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The internal control system is defined as the “formal target setting, monitoring, evaluation and feedback systems,” which should enable the company’s management to obtain any necessary information on how the strategy, processes, and structure of an organization perform on the daily basis (Wadell, Jones & George 2012, p. 408). It is generally determined that controls should be established at three main levels: work inputs (for the feed-forward or preliminary controls), work throughputs (for the concurrent controls), and work outputs (for the feedback controls) (Schermerhorn et al. 2015, p. 278). When a company discovers such a notable and long-running instance of fraud it is obvious that the internal control over related processes is weak at every level. First of all, preliminary controls were not sufficient for preventing the accused employee from obtaining the Wipro’s bank account login and password and using them for three years. Besides, the feed-forward control procedures for the authorization of the bank operations and payments were inadequate as the payments could be easily handled without the prior confirmation of the management. Secondly, the concurrent controls at Wipro over the payments and bank operations were weak, as well. In particular, the bank account login data had not been changed for at least three consecutive years; in addition, no rotation had been implemented in the financial department staff. Finally, the poor feedback controls regarding checking the bank statement data with the company’s accounting records resulted in the discovery of the issue only after three years. In fact, the simple reconciliation of two balances and checking of the payments details could enable the company’s management to discover the fraud actions of the Wipro’s employee much earlier.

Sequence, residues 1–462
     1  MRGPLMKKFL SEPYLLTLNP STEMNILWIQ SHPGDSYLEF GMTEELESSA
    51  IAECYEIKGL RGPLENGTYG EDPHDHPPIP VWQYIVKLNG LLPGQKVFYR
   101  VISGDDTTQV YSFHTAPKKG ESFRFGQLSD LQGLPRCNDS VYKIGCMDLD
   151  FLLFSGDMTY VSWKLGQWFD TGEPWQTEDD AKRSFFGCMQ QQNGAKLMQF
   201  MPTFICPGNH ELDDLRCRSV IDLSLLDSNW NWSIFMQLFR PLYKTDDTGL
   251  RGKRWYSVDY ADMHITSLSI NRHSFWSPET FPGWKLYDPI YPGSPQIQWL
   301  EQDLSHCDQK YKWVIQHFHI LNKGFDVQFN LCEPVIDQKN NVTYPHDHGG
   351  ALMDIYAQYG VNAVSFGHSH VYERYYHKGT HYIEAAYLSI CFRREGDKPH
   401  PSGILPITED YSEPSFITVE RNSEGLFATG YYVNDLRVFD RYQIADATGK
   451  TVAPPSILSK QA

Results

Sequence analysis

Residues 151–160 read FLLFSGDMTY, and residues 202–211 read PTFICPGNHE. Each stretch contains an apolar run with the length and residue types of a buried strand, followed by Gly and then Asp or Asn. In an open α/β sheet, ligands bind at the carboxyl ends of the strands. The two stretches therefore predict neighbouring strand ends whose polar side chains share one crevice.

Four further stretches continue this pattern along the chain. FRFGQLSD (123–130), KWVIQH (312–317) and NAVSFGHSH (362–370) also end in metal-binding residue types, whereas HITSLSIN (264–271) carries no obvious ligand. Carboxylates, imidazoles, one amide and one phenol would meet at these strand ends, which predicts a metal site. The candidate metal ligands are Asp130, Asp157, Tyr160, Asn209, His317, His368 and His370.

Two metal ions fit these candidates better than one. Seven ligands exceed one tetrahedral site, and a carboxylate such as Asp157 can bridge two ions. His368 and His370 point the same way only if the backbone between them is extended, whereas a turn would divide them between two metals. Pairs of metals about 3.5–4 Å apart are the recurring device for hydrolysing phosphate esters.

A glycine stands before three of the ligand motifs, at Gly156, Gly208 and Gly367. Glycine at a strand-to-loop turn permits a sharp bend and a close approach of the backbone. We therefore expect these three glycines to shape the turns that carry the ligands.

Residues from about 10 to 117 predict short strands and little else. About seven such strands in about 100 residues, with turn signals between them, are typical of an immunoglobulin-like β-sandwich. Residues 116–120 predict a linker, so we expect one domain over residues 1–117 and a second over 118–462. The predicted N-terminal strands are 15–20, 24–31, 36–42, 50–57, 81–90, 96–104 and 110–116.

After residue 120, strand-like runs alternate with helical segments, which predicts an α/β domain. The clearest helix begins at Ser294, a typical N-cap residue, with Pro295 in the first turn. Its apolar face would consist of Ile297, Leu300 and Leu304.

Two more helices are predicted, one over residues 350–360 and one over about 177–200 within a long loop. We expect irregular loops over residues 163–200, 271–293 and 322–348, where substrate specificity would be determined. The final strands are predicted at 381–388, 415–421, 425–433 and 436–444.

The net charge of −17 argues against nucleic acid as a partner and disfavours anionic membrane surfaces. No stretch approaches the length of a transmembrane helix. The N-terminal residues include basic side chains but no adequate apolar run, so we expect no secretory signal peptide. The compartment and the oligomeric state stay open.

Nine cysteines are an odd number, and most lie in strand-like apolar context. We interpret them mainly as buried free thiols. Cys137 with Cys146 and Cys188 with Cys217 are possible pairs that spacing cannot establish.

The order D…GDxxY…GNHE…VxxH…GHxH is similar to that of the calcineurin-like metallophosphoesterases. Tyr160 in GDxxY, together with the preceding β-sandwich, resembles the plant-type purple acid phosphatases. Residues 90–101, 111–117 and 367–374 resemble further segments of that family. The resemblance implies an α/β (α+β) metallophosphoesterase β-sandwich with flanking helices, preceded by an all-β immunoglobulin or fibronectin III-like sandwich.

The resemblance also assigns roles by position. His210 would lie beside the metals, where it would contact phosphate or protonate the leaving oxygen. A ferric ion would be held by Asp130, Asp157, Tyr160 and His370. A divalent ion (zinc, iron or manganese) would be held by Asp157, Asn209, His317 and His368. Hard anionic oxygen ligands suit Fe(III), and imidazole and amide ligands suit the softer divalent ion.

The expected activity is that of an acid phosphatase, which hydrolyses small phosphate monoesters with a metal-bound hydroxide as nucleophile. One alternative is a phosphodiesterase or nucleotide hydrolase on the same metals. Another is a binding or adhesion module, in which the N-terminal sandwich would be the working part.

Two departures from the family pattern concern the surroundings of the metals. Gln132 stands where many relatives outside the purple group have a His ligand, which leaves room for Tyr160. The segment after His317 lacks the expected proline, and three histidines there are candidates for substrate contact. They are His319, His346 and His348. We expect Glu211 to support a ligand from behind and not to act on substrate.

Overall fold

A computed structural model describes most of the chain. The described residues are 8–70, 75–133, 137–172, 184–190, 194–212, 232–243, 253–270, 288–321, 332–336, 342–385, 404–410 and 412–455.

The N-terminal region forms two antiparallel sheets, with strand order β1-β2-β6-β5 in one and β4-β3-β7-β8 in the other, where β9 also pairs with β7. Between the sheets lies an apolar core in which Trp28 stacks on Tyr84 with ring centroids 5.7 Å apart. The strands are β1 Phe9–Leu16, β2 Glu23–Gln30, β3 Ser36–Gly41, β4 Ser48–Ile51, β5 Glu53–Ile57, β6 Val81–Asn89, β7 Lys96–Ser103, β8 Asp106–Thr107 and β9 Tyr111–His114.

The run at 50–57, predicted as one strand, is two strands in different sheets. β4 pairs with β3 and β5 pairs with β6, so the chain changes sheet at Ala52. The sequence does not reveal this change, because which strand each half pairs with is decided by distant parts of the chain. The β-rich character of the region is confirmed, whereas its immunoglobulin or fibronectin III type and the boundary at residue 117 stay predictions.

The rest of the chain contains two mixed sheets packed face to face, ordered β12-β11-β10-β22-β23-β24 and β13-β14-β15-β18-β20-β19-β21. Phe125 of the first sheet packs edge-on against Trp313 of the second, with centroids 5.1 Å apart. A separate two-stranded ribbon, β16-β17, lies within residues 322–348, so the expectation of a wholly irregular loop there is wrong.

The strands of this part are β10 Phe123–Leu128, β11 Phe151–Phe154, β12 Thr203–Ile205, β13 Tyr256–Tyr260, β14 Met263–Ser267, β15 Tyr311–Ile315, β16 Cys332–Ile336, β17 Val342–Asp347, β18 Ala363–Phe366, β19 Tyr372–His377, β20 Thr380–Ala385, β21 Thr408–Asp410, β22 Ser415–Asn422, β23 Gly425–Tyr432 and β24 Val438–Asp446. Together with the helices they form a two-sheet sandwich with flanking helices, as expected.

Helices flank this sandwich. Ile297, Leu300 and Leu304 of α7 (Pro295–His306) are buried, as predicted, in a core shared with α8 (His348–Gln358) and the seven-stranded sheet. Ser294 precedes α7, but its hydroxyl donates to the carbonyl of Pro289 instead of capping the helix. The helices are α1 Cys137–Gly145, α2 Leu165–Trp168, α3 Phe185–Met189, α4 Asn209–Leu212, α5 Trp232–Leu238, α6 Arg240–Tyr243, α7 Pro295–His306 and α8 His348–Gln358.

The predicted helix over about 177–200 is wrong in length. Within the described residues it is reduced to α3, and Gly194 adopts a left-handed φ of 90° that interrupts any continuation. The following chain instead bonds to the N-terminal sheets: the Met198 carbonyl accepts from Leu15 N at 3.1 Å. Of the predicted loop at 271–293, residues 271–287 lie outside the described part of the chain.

Suggested Strategies for Preventing the Fraud at Wipro